Senate clears one hurdle, but 4.3-cent gas tax suspension delayed
WASHINGTON – The Senate took a halting step Thursday toward acting on legislation that would temporarily roll back 4.3 cents of the federal gas tax. The measure has little chance of House passage and does not offer much relief for motorists coping with spiraling prices at the pump.
Republicans led by Majority Leader Trent Lott are making the issue prime fodder for this election year, referring to it as the ”Gore tax” because Vice President Al Gore cast the tie-breaking 1993 Senate vote to make it law.
GOP presidential candidate George W. Bush favors ”efforts to lower gas prices” but has not taken a stand on the temporary repeal, spokeswoman Mindy Tucker said.
Suspending the tax, said Alaska Republican Sen. Frank Murkowski, ”represents us doing something and the administration doing nothing.”
Substantive action on the measure was put off until next week at the earliest, despite an 86-11 Senate vote Thursday to proceed.
Most Democrats and some Republicans oppose the repeal, and they could have tried to muster the votes to kill the bill. But rather than going on record as opposing a tax rollback, they opted to let the bill remain alive – and give themselves time to offer alternatives.
”I could not be more strongly in opposition to repealing the gas tax,” said Minority Leader Tom Daschle, D-S.D. ”I think this ought to be debated.”
Lott, R-Miss., still faces an uphill fight to find the votes necessary to overcome bipartisan opposition to his legislation, which would eliminate the 4.3-cent-a-gallon tax for the rest of the year and suspend the entire 18.4-cent federal gas tax until January if gas prices top $2 a gallon.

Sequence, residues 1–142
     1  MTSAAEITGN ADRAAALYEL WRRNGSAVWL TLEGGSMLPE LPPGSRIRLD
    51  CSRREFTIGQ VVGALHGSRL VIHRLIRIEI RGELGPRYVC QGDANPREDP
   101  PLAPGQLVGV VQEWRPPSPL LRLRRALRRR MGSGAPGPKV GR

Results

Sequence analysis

The debate came a few days after the Organization of Petroleum Exporting Countries agreed to boost production by 1.7 million barrels of oil a day, which could trigger a slow price decline to follow the recent drop from $34 a barrel a few weeks ago to $26.45 a barrel this week. U.S. officials say the crude price could drop another $2.50 a barrel by late summer.
Opponents to Lott’s bill, including many Republicans, said the proposal would jeopardize about $7 billion a year in money for highway, bridge and mass transit projects that are high priorities on Capitol Hill. Lott, however, said his bill would replace the lost money out of projected budget surpluses.
Other critics said the tax relief would be too meager – a motorist who drove 12,000 miles a year at 20 miles per gallon would realize savings of only $26 – and there was no way to guarantee that oil companies would actually pass the tax cut on to consumers. Democrats said blaming Gore, the presumptive 2000 Democratic presidential nominee, appeared to be the GOP’s main intent.
”Reducing the price of fuel by 4.3 cents a gallon for part of the year isn’t the answer,” said Sen. Harry Reid, D-Nev. ”It’s quite clear that repeal of the gas tax is really an effort to make a political statement.”
Although Democrats talked about reducing U.S. dependence on foreign oil, a renewed push for energy efficiency and better development of alternatives such as solar power, Republicans contend the long-term answer is a series of tax breaks to boost U.S. production, opening more federal lands to oil exploration and a get-tough negotiating stance with OPEC.
At his news conference Wednesday, President Clinton said he didn’t expect any gas tax rollback to reach his desk and House Republican leaders are cool to the idea, partly because of fierce opposition from Transportation Committee Chairman Bud Shuster, R-Pa., and other key lawmakers.
The bill is S. 2285.
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